After becoming a patient at Keck Hospital of USC and undergoing a life-saving surgery, a Keck School of Medicine of USC faculty member was inspired to create an award honoring those in the health care field who practice compassionate care. Three years ago, Etan Chaim Milgrom, MD, MS, clinical professor of family medicine (practitioner) at the Keck School, established the Etz Chaim Tree of Life Award of Compassionate Care. The annual award was announced in May and was presented in December to Lydia Lam, MD, assistant professor of clinical surgery at the Keck School.

“When we as physicians become patients — and we all will — we actually become better doctors,” Milgrom explained. “I realized this early on in my career and it became my life’s work to promote and teach residents, medical students, fellows and even colleagues about compassionate care. Thinking back on my education, I don’t remember many lectures about empathy or compassionate care.”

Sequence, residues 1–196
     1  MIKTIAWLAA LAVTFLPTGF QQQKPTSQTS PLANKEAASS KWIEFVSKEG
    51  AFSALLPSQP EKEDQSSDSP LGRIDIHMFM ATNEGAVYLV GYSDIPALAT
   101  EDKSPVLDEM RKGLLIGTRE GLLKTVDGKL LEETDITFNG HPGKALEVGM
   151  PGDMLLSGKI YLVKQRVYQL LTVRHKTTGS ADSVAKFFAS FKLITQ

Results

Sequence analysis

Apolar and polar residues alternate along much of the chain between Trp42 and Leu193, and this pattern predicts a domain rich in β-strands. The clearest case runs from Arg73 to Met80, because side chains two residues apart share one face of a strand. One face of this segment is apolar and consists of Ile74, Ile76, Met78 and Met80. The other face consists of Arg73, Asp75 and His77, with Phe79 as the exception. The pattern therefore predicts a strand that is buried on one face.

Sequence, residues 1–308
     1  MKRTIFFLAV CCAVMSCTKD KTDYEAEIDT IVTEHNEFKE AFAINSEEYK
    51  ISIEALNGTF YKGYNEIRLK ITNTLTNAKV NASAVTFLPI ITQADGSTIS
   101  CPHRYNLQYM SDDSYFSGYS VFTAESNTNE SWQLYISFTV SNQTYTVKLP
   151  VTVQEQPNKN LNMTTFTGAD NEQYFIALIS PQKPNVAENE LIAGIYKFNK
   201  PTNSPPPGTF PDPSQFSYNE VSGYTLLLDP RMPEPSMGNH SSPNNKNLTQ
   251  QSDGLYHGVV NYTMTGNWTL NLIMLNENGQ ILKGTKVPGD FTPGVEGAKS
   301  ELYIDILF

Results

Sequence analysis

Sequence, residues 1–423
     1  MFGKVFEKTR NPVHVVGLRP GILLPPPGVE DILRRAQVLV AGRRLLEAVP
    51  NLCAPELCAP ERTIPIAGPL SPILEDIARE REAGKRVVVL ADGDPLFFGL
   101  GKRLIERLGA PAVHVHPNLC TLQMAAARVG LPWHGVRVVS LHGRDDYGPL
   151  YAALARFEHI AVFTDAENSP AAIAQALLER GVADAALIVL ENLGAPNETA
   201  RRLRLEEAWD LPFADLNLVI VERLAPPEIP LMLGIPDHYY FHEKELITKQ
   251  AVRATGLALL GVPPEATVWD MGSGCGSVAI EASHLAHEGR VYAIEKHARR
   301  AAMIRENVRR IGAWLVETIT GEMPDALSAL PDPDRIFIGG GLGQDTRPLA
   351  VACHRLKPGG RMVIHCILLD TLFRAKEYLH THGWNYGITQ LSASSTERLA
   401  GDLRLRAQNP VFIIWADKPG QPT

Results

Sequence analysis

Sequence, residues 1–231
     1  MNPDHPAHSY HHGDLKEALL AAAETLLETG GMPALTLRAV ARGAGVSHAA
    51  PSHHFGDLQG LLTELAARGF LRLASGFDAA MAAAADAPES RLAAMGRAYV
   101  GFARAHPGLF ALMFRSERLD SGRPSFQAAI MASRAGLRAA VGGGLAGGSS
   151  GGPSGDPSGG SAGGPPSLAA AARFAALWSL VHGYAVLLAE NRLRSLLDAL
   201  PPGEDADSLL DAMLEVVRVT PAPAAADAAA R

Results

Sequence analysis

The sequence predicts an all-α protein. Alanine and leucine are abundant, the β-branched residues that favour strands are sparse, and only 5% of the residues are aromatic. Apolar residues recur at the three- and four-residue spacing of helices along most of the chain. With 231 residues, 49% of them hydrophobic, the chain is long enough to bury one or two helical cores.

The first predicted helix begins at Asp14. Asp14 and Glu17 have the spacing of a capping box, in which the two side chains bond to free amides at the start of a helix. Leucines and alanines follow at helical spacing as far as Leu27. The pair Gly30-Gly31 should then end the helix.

Milgrom, which literally means pomegranate, designed the award to portray a pomegranate tree, because it symbolizes wisdom and good deeds. “When you put those two together, I can’t think of a better way to describe the perfect combination of a doctor,” Milgrom said. “A doctor should be someone who knows his or her field and is able to practice through the good deeds of compassionate care.”

The award is not meant only for doctors; it can be awarded to any Keck Medicine of USC health care provider. “This award is endowed in perpetuity, which means when I’m long gone, it will hopefully continue to promote compassionate care for years to come,” Milgrom said.

Lam said she is honored to be the current recipient of the award and credited the Department of Surgery for allowing her to pursue her passion.

“I’m really fortunate to be able to do what I want to do, which is some of my international work. It’s really important to find good mentors and a good department,” Lam said. “The Department of Surgery is great because they do allow for us to not only teach and better ourselves but also to help people in ways that we see fit.”

Lam was nominated for the award for her work at Keck Medical Center of USC and abroad, including medical relief efforts in Haiti and Kiritimati Island.

— L. Alexis Young